Additionally, the senior counsel to the Trump campaign, Justin Clark, argues not against mail-in voting, but against the federal government’s right to mandate it. Clarke has said, “States should maintain primary responsibility for their voting laws, making changes where necessary and utilizing flexibility within their existing laws.” Many Republicans agree with him.

Regarding jurisdiction over voting laws, David Sherr ’20 feels, “it wouldn’t be totally unconstitutional… for the federal government to mandate that mail-in ballots would be acceptable.” He added, “there is an amendment [which] prevents a poll tax and a literacy test.”

The difference between Trump and students Becker and Sherr is that after weighing the pros and cons, both Becker and Sherr support mail-in voting. “You shouldn’t have to compromise your safety to do something that is your right to do. And I think in the same ways that we have adjusted a lot of our lifestyles now, voting should be another thing that we adjust because it’s crucial to our system…. because that’s what a democracy is,” said Becker.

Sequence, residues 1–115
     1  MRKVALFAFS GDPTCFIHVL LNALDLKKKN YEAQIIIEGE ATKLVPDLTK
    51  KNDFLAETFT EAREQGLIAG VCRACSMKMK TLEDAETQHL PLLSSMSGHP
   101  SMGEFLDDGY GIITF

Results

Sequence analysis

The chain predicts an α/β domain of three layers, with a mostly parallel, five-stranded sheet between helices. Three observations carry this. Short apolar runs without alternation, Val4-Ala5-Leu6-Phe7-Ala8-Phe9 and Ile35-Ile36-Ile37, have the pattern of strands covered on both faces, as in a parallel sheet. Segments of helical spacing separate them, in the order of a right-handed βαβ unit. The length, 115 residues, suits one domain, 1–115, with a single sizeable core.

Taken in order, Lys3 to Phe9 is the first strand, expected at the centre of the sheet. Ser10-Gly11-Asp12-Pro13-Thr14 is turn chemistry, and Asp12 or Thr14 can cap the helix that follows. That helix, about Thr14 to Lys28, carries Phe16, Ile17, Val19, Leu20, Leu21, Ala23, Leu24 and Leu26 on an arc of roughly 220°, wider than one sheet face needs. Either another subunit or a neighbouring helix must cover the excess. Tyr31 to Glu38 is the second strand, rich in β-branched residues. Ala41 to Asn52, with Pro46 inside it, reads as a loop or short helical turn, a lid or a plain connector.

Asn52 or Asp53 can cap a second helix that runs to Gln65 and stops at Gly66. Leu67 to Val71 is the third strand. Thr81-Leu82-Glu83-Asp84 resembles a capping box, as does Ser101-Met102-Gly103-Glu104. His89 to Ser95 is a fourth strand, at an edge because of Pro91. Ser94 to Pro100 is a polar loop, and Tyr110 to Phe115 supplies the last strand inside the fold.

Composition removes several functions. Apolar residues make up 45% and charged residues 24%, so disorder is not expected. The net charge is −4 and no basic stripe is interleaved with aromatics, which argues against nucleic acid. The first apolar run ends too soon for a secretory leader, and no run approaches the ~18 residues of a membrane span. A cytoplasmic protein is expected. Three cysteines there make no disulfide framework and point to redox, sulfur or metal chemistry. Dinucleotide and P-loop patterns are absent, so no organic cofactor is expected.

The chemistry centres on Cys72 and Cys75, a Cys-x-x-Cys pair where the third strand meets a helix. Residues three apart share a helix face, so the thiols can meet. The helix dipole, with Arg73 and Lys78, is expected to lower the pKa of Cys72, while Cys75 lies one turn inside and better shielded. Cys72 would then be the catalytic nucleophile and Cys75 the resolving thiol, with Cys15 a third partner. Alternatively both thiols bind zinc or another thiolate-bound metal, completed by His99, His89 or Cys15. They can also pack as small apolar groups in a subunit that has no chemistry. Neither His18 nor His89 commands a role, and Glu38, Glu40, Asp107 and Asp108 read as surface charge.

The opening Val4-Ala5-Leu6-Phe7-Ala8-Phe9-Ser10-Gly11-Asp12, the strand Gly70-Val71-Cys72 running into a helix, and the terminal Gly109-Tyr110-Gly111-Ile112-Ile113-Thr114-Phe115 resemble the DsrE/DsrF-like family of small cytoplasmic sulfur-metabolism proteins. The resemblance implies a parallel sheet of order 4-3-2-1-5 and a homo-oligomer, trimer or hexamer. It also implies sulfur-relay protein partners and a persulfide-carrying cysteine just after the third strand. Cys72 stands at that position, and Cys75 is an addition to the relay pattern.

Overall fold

Democratic Party lead attorney, Marc Elias, feels mail-in ballots should be a right this coming presidential election. “I can assure you that we will not sit by and let Republican election officials, or the Republican Party, disenfranchise voters in a cynical effort to win elections at all costs,” he said.

Elias thinks that not allowing mail-in voting will suppress American voters, and the statistics agree with him. On April 7th, amidst a peak in the Coronavirus pandemic, the Wisconsin primary took place in-person against the advice of the CDC. The state’s governor, Democrat Tony Evers, attempted to delay the primary and loosen absentee ballot restrictions, an alternative to mail-in ballots, but was challenged by Republicans. The disagreement ended with the state supreme court ruling in-person polls would be in session, and absentee ballots would not be accepted after the election day.

Elias could not have more accurately predicted the voter suppression which would occur in Wisconsin’s primary. Milwaukee, which in 2016 had more than 167,000 people vote, saw voter turnout nearly cut in half in their 2020 primary. According to NPR, only 18,803 people voted in person and another 56,000 or so returned absentee ballots.